Netherlands' goalkeeper Tim Krul fails to make a save from Costa Rica's midfielder Celso Borges during a penalty shoot-out in the quarter-final between Netherlands and Costa Rica during the 2014 FIFA World Cup
newsGoalkeepers suffer from 'gambler’s fallacy' during shoot-outs
News
people
Arts and Entertainment
Standing the test of time: Michael J Fox and Christopher Lloyd in 'Back to the Future'
filmReview: A week late, Secret Cinema arrives as interactive screening goes Back to the Future
Extras
indybest
News
i100
Caption competition
Caption competition
Latest stories from i100
Have you tried new the Independent Digital Edition apps?
Daily Quiz
Independent Dating
and  

By clicking 'Search' you
are agreeing to our
Terms of Use.

Career Services

Day In a Page

Save the Tiger: Meet the hunters tasked with protecting Russia's rare Amur tiger

Hunters protect Russia's rare Amur tiger

In an unusual move, wildlife charities have enlisted those who kill animals to help save them. Oliver Poole travels to Siberia to investigate
Transfers: How has your club fared in summer sales?

How has your club fared in summer sales?

Who have bagged the bargain buys and who have landed the giant turkeys
Warwick Davis: The British actor on Ricky Gervais, how the Harry Potter set became his office, and why he'd like to play a spy

'I'm a realist; I know how hard this business is'

Warwick Davis on Ricky Gervais, Harry Potter and his perfect role
The best swim shorts for men: Bag yourself the perfect pair and make a splash this summer

The best swim shorts for men

Bag yourself the perfect pair and make a splash this summer
Has Ukip’s Glastonbury branch really been possessed by the devil?

Has Ukip’s Glastonbury branch really been possessed by the devil?

Meet the couple blamed for bringing Lucifer into local politics
Dress the Gaza situation up all you like, but the truth hurts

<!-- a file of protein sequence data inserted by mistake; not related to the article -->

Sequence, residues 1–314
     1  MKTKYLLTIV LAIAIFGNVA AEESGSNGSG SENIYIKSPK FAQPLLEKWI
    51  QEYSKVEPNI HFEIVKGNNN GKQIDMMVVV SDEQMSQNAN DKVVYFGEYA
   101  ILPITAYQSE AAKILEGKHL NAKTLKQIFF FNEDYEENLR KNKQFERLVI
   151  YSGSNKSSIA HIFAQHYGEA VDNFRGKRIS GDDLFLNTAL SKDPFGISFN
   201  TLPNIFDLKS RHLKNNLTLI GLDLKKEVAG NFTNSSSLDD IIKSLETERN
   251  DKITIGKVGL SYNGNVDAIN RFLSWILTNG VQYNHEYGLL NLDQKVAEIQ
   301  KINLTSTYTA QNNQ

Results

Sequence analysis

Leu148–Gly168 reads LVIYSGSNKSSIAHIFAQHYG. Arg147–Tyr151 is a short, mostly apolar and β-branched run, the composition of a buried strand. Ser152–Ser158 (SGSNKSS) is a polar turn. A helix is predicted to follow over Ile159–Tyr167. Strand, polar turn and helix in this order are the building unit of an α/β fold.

Robert Fisk on Gaza conflict

Dress the situation up all you like, but the truth hurts
Save the tiger: Tiger, tiger burning less brightly as numbers plummet

Tiger, tiger burning less brightly

When William Blake wrote his famous poem there were probably more than 100,000 tigers in the wild. These days they probably number around 3,200
5 News's Andy Bell retraces his grandfather's steps on the First World War battlefields

In grandfather's footsteps

5 News's political editor Andy Bell only knows his grandfather from the compelling diary he kept during WWI. But when he returned to the killing fields where Edwin Vaughan suffered so much, his ancestor came to life
Lifestyle guru Martha Stewart reveals she has flying robot ... to take photos of her farm

Martha Stewart has flying robot

The lifestyle guru used the drone to get a bird's eye view her 153-acre farm in Bedford, New York
Former Labour minister Meg Hillier has demanded 'pootling lanes' for women cyclists

Do women cyclists need 'pootling lanes'?

Simon Usborne (who's more of a hurtler) explains why winning the space race is key to happy riding
A tale of two presidents: George W Bush downs his paintbrush to pen father’s life story

A tale of two presidents

George W Bush downs his paintbrush to pen father’s life story
Restaurateur Mitch Tonks has given the Great Western Pullman dining car a makeover

The dining car makes a comeback

Restaurateur Mitch Tonks has given the Great Western Pullman dining car a makeover
Gallery rage: How are institutions tackling the discomfort of overcrowding this summer?

Gallery rage

How are institutions tackling the discomfort of overcrowding this summer?
Louis van Gaal has £500,000 video surveillance system installed to monitor Manchester United players

Eye on the prize

Louis van Gaal has £500,000 video surveillance system installed to monitor Manchester United players
Women's rugby: Tamara Taylor adds fuel to the ire in quest to land World Cup

Women's rugby

Tamara Taylor adds fuel to the ire in quest to land World Cup